American Roots Music at Willapa Hills Farm

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A Barn Reborn: Willapa Hills Farm Hosts Americana Concert Series, Weddings…

A Barn Reborn: Willapa Hills Farm Hosts Americana Concert Series, Weddings, Gatherings

DOTY — Like all farms, the daylight hours at the Willapa Hills Farm are primarily reserved for everyday toils and chores. After all, there are cows to feed and there’s cheese to make. Stop by the old farmstead on the second Thursday of each month, though, after the sun goes down of course, and you’ll find the historic barn overflowing with the rich intonations of old time music.

Since last November, the owners of Willapa Hills Farm, Stephen and Amy Hueffed, have hosted a monthly acoustic roots music concert series at their property located about 20 miles west of Chehalis on state Route 6. The concerts are hosted in the cathedral-like hayloft of the couple’s refurbished gambrel-style barn. With the wooden whale bone interior of the barn awash in golden light and traditional American music bouncing off of the beams, the resulting ambiance is like the Beverly Hillbillies crashed the Grand Ole Opry — in a good way.

In addition to the roots music concert series, the Hueffeds also host weddings and other events in the revitalized barn, originally built in 1936.

“They built it on a foundation, painted it and kept a good roof on it. Plus, most importantly, they didn’t dairy in it, which is why it’s in such nice shape,” explained Stephen Hueffed.

Hueffed noted that the loft is set on posts and beams that were recycled from a previous structure, possibly a local mill, dating back to Lewis County’s pioneer days. In 2007, the Chehalis River flood brought water right up to, and then around, the barn, which not only saved the farmers costly repairs but also allowed them to go forward with their grand plans for converting the old owl hangout into a thriving event center in the sticks of Southwest Washington.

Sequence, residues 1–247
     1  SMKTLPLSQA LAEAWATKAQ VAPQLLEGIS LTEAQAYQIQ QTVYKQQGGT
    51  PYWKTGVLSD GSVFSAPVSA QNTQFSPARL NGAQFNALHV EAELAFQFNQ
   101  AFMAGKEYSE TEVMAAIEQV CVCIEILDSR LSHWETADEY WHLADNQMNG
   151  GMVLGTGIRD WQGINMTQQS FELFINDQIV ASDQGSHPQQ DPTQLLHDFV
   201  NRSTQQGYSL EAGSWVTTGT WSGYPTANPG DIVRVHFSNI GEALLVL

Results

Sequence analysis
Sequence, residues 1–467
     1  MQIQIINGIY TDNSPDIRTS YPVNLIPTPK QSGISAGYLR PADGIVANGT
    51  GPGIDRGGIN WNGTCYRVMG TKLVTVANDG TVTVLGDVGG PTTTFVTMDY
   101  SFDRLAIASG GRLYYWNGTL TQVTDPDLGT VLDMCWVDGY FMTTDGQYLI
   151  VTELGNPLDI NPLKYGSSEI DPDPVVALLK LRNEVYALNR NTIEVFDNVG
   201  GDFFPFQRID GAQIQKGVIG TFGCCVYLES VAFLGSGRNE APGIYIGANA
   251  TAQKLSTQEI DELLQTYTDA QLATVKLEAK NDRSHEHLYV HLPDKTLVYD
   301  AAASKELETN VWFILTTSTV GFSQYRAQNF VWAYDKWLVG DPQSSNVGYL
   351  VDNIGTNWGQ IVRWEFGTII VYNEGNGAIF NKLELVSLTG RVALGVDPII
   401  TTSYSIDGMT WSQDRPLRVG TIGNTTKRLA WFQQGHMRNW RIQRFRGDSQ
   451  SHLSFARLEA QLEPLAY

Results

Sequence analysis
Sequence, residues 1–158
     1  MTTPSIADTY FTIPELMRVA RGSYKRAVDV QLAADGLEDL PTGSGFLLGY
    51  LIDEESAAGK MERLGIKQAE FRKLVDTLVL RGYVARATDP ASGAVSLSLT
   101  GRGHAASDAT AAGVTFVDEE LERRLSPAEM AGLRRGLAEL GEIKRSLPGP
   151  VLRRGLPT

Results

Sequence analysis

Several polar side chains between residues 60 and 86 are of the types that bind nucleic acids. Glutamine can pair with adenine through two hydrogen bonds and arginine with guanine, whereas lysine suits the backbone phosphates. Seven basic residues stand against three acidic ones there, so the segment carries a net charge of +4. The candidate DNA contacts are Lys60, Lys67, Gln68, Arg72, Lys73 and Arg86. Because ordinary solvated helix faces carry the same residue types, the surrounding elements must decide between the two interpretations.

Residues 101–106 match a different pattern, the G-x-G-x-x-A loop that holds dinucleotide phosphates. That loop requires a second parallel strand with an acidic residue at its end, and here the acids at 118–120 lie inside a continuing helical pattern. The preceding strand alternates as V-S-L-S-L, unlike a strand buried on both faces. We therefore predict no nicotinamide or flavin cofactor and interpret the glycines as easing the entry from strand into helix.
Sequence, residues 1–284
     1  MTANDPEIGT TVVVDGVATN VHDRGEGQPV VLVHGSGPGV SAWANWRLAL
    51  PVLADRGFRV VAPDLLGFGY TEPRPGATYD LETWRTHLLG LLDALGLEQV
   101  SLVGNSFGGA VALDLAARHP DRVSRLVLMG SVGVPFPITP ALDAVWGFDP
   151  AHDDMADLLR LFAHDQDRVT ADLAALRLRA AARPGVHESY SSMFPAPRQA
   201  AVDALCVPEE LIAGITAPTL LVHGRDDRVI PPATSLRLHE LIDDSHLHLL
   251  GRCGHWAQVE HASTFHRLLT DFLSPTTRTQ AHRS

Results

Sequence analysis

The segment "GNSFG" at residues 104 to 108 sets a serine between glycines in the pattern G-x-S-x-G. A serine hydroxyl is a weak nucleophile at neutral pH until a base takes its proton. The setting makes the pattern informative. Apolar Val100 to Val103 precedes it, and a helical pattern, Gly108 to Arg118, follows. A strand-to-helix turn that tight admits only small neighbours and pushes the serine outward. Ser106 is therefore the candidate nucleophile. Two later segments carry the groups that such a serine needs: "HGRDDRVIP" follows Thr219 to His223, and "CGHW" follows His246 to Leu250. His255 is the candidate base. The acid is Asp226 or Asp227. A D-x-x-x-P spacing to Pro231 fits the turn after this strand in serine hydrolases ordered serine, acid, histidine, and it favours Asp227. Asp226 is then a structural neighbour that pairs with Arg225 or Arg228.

“The goal is, the barn’s here, we’ve put in a lot of money, and I’d love for it to be a place where West Lewis County and beyond can gather,” explained Hueffed.

While the Hueffeds work to make ends meet by raising beef cattle and crafting cheese from cow and sheep milk, they are always looking to the future for the next opportunity to help keep the wheels on the farm going round and round.

“The property is an old farm with historic roots but we don’t have water rights and no matter how nice your ground is, there’s only so much you can do without water rights,” said Hueffed. “Cheese is the main economic engine, but my goal is to make the farm sustainable even without the cheese.”

In order to keep the farm paying for itself, the Hueffeds began thinking outside the box, and that meant working inside the barn. Today the old barn is show-ready, outfitted with power, heated on concert nights, and seats 175 people upstairs. In the future, the couple would like to expand their dairy operation on the ground floor to include a cheese tasting room. There’s also talk of building a commercial kitchen space for use in teaching workshops and developing their property across the river from the barn into a small eco-friendly village of sorts so that visitors can stay at the farm for a few days at a time. Eventually, Stephen would even like to host regular contra dances and poetry readings at the barn. It’s all part of their vision to turn a sleepy old farm into an essential community destination.